Relevant uses of surface proteins – display on self-organized biological structures
Article first published online: 9 SEP 2011
© 2011 Massey University. Microbial Biotechnology © 2011 Society for Applied Microbiology and Blackwell Publishing Ltd
Special Issue: Microbial Vaccines and Immunomodulators. Guest Editors: Carlos A. Guzman, Ennio De Gregorio, Jan ter Meulen, and Martin Friede
Volume 5, Issue 2, pages 188–202, March 2012
How to Cite
Jahns, A. C. and Rehm, B. H. A. (2012), Relevant uses of surface proteins – display on self-organized biological structures. Microbial Biotechnology, 5: 188–202. doi: 10.1111/j.1751-7915.2011.00293.x
- Issue published online: 20 FEB 2012
- Article first published online: 9 SEP 2011
- Received 30 May, 2011; revised 12 July, 2011; accepted 18 July, 2011.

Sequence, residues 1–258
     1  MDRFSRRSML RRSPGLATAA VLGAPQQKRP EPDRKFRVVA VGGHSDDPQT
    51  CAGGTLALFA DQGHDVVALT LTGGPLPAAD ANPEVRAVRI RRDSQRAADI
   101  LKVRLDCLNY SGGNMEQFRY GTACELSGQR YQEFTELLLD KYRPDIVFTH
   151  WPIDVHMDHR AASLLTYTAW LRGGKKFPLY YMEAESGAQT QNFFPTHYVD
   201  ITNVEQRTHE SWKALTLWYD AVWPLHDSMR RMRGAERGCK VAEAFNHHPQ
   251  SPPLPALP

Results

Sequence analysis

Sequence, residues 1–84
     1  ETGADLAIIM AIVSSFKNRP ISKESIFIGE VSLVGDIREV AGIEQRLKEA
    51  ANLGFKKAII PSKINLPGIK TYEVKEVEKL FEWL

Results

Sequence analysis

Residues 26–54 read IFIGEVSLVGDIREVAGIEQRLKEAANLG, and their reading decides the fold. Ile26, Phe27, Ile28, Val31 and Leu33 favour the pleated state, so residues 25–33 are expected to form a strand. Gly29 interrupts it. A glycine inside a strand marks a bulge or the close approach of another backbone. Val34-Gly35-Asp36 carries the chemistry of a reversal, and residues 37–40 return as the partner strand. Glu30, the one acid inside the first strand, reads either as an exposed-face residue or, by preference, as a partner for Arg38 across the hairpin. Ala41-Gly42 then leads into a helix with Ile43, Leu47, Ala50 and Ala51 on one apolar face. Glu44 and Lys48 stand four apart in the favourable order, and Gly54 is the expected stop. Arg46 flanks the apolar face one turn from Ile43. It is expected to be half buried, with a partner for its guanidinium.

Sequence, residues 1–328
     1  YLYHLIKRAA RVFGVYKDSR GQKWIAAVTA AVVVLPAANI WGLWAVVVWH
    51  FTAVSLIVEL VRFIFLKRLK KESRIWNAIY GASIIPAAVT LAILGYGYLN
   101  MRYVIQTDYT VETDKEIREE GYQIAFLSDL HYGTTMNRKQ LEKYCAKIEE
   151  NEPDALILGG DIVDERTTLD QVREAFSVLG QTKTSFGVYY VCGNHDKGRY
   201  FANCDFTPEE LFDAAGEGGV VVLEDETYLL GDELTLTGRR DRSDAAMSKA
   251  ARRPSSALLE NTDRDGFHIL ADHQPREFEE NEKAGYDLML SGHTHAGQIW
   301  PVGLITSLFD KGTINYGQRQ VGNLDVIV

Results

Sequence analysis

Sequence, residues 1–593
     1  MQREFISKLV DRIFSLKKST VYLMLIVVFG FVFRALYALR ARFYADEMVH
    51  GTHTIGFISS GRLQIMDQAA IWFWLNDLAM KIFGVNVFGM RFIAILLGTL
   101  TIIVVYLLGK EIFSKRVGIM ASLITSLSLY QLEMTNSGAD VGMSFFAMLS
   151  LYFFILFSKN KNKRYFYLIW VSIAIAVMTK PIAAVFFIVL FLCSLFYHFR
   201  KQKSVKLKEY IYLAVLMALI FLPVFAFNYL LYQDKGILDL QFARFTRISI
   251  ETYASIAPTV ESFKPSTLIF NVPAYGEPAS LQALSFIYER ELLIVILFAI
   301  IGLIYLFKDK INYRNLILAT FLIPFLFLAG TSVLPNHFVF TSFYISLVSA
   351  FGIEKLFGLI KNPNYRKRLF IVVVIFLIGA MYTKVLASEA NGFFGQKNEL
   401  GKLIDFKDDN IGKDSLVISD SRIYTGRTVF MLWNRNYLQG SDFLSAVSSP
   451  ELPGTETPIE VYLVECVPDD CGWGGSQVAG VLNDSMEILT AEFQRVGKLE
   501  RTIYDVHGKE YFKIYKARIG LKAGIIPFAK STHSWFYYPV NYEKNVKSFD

Proteins are often found attached to surfaces of self-assembling biological units such as whole microbial cells or subcellular structures, e.g. intracellular inclusions. In the last two decades surface proteins were identified that could serve as anchors for the display of foreign protein functions. Extensive protein engineering based on structure–function data enabled efficient display of technically and/or medically relevant protein functions. Small size, diversity of the anchor protein as well as support structure, genetic manipulability and controlled cultivation of phages, bacterial cells and yeasts contributed to the establishment of designed and specifically functionalized tools for applications as sensors, catalysis, biomedicine, vaccine development and library-based screening technologies. Traditionally, phage display is employed for library screening but applications in biomedicine and vaccine development are also perceived. For some diagnostic purposes phages are even too small in size so other carrier materials where needed and gave way for cell and yeast display. Only recently, intracellular inclusions such as magnetosomes, polyhydroxyalkanoate granules and lipid bodies were conceived as stable subcellular structures enabling the display of foreign protein functions and showing potential as specific and tailor-made devices for medical and biotechnological applications.